Friday, 27 July 2012

Verbal Contracts – The Chris Roussakis Matter

Not every contract needs to be in writing. As one learns in first year law school, there are three necessary elements in order for a contract to be formed: an offer, the acceptance of that offer, and consideration for the agreement (i.e. both sides have to get something out of the deal.) Note that nowhere in there is it set out that the offer or the acceptance thereof must be in writing. To many this scenario is what is known as “verbal contracts;” in law one can simply omit the word “verbal.”

The Chris Roussakis matter (stories here and here) demonstrates the case at hand. I represented Mr. Roussakis in his bid for compensation.

Facts


The facts of Mr. Roussakis’s matter have been repeated in the papers: Mr. Roussakis was approached by Mr. Dimitri Soudas, executive director of communications for the Canadian Olympic Committee (“COC”) and a former spokesman for Prime Minister Harper, and asked if he wished to be one of the official COC photographers for the London Games. Compensation, including the value of the contract, the length of the contract, and all the operative details were agreed upon between Roussakis and Soudas as early as February of this year.

Although no written contract was ever formalized, the COC proceeded to send Mr. Roussakis to London in advance of the games, and to COC training in Montreal – both at the COC’s expense. Photographs of Mr. Roussakis in London appeared in newspapers at the time


Mr. Soudas confirmed Mr. Roussakis had appeared in documentation as an official photographer for the committee and had been involved in preparations for the Games.

The Law


As I blogged about in an earlier post (No Changes without Consideration) Ontario courts will recognize employment agreements between parties, notwithstanding the fact that they may not be in writing.

In Fasullo v. Investments Hardware Ltd., 2012 ONSC 2809, the Honourable Justice Sanderson released a decision that is on point. In that case, Justice Sanderson held that the employee’s contract had been finalized in May 2007 - prior to a written agreement being put to him in June 2007 - because the fundamental terms of his employment had been agreed upon: Mr. Fasullo knew his start date, his responsibilities, and his expected salary.  When the written contract was put to him a month later, it contained a new provision. No consideration for the new restriction was provided. Justice Sanderson, for the reason set out below, held that that new restrictive provision was of no force and effect.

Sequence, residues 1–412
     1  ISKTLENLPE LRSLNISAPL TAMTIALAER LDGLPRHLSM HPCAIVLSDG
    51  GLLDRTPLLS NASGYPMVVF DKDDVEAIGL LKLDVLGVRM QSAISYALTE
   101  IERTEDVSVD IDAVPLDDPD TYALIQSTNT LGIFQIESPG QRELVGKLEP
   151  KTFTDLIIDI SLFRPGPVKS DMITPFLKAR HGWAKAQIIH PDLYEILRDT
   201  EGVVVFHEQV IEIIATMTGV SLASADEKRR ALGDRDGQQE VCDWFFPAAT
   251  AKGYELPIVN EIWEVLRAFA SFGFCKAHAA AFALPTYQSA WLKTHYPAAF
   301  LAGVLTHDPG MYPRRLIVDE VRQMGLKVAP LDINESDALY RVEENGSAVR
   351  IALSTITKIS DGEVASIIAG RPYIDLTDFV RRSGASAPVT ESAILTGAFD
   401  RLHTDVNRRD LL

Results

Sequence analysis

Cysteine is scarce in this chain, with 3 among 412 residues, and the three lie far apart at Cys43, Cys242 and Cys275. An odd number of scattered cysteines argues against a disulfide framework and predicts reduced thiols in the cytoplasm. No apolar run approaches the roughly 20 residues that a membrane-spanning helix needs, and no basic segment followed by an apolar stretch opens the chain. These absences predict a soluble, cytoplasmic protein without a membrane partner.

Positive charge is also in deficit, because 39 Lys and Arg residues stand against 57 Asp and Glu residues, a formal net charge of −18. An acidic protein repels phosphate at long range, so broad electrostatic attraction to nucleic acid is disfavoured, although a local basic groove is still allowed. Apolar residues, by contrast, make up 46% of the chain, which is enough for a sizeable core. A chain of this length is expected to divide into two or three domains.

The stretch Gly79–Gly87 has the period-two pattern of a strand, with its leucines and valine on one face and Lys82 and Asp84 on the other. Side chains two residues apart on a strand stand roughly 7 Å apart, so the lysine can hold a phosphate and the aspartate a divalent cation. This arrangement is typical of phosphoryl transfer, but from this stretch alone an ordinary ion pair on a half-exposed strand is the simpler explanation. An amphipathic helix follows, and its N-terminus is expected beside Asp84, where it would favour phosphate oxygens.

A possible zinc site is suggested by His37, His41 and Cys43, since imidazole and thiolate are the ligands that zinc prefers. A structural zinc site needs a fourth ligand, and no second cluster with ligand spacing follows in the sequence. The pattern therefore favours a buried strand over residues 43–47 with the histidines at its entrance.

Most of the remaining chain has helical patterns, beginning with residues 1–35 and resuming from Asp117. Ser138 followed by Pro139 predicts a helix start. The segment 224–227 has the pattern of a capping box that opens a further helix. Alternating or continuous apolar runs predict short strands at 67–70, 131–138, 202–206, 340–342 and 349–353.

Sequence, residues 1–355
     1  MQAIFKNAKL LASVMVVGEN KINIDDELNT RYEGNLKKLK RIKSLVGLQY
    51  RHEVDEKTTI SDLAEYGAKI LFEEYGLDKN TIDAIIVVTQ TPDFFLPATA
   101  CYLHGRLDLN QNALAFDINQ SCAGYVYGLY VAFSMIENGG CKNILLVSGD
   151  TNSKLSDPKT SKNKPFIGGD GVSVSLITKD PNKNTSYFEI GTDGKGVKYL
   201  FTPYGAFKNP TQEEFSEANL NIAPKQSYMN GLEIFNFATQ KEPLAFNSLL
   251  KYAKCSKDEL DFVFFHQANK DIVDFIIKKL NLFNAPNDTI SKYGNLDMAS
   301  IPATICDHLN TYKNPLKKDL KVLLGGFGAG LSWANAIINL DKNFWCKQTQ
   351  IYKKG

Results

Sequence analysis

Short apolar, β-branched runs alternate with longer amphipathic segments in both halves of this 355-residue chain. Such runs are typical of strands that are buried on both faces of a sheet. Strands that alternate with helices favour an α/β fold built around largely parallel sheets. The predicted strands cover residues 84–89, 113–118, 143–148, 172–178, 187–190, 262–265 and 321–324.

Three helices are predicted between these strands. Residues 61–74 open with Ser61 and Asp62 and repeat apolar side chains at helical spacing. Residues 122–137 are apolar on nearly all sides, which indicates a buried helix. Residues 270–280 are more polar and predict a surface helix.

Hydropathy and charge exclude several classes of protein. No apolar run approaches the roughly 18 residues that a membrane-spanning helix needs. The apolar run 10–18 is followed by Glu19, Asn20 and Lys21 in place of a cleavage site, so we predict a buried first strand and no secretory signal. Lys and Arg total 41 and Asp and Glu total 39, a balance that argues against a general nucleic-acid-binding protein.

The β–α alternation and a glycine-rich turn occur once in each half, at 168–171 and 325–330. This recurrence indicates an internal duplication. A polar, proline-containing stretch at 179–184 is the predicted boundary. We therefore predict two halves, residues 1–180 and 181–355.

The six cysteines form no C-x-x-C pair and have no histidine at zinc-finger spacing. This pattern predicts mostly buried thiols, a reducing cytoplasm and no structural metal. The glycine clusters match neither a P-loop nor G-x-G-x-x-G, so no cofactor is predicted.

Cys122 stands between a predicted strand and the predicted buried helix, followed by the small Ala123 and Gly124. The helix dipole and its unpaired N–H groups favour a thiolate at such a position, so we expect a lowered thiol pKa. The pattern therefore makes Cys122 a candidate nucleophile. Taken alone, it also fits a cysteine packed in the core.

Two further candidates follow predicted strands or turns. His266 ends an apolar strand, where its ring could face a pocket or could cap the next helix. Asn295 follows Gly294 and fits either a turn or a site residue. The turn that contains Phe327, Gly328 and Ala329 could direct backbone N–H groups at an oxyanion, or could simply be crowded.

In her reasons for decision, Justice Sanderson relying on an earlier Ontario Court of Appeal decision held that:

If Fasullo received no consideration for signing the June 20, 2007 Document, at law the Termination on Notice clause in it is null and void. The Plaintiff cannot be bound by a provision that was null and void ab initio and continued to be null and void to the date of his dismissal. The Contract was never amended to include a valid Termination on Notice Clause. The Defendant cannot rely on that clause in the June 20, 2007 Document to limit the Plaintiff's claim to presumptive reasonable notice and severance pay based on reasonable notice.  [Emphasis added.  Para. 56]
By saying that “the contract was never amended,” Justice Sanderson made an implicit finding of a contract having been formed without anything being reduced to writing.

Argument


Returning to first principles, three questions emerge:

1. Was an offer made by the COC to Mr. Roussakis?
2. Did Mr. Roussakis accept that offer?
3. Was there consideration for the agreement?

The answers to these questions seem straightforward enough. Thus, the argument for compensation.

Given that discussions between Mr. Roussakis and the Canadian Olympic Committee continue, it would be inappropriate for me to comment further on his specific case.

Question


The question is put out there for comment however, on the facts and law as presented, did Mr. Roussakis have a binding agreement with the COC?

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As always, everyone’s situation is different.  The above is not intended to be legal advice for any particular situation and it is always prudent to seek professional legal advice before taking any decisions on one’s own case.

Sean P. Bawden is an Ottawa, Ontario employment lawyer and wrongful dismissal lawyer practicing with Kelly Santini LLP, and part-time professor at Algonquin College teaching Trial Advocacy for Paralegals. He is a trustee of the County of Carleton Law Association for 2013.



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